ABB is contributing to the project with three engineers, according to Ghavi. Two of them are working on the propulsion of the solar aircraft and on increasing the energy efficiency of its solar cells and its batteries. A further engineer is contributing to Solar Impulse’s mobile hangar, which enables maintenance and repairs to be carried out in any airport the aircraft might have to land in during its long journey.
Abou Shaar spoke of Shindler's development of solar elevators, which he claims have recently been introduced in some places in Europe. Schindler has also contributed to the Solar Impulse project with engineers, and Mr. Abou Shaar expressed the hope that this would allow for “scientific networking” and the exchange of ideas to the benefit of both organisations.
The potential of renewable energy in Egypt
Two Egyptian officials also spoke at the conference to highlight the importance of this venture and of renewable energy for Egypt.
Engineer Omneya Sabry, vice chairperson of the New and Renewable Energy Authority (NREA) stressed the importance of making electricity supply in Egypt more diverse and more efficient in the face of increasing demand. Public-private partnership would be the way forward to acheive this, she said.
Egypt's government recently introduced investment schemes and legislation to enable this, she added, such as a new tariff scheme introduced in October 2014 and a law on the privatisation of electricity production approved in February this year.
“A combined renewable energy master plan has been issued," Sabry added. "It was financed by the EU, and it aims at a 30% [share of renewable energy] by the year 2035.”
The bulk of this renewable energy would come from wind and solar energy, she said, highlighting the ongoing development of solar generators in Hurghada and Kom Ombo.
Hany El-Adawy, vice-chairman of the Egyptian Civil Aviation Authority, was also present and highlighted the need to create “clean airports”, especially in light of the growing air transportation market. Such “clean airport” initiatives would be initiated in Alexandria, Sharm El-Sheikh and Aswan, with the aim of relying increasingly on biofuel and solar energy. “The Solar Impulse programme is an outstanding project that marks the need for more innovation in civil aviation”, he said.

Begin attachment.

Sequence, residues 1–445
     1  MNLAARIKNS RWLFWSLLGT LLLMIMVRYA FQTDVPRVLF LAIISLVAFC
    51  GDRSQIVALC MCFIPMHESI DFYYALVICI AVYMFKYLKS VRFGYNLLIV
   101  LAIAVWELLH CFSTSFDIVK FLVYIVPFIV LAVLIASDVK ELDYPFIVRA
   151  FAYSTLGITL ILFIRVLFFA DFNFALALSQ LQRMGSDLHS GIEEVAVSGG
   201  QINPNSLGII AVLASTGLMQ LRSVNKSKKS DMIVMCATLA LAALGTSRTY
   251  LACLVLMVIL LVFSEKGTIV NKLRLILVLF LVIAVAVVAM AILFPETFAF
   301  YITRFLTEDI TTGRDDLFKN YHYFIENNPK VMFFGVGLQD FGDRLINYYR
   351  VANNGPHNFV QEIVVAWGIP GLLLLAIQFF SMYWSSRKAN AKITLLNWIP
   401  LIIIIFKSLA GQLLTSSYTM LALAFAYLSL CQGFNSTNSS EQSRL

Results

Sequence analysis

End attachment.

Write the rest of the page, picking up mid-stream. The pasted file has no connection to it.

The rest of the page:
Connecting new energy sources to the electric grid would be the main obstacle to introducing renewable energy in Egypt, all speakers agreed at the conference. As solar and wind energy are not generated centrally, the grid would be put under increased stress, they claimed.
Ghavi, however, insisted that the necessary technology to solve this issue was available, with developments such as the microgrids. “All we need is a viable business model, and for key policies to catch up with technology”, she said, echoing the NREA’s position that public-private partnership is the key to success.
The press conference was followed by a presentation of the project at Cairo University in the afternoon. Ambassador Leitner stressed the importance to educate the younger population and to foster creative thinking.
“Egypt is a young country”, he said, referring to the young age of the population, “but we’re not seeing its full potential in terms of innovation and pioneering.”
A further conference at the AUC Astronomy Club scheduled for Tuesday had to be cancelled, according to the club’s Facebook page.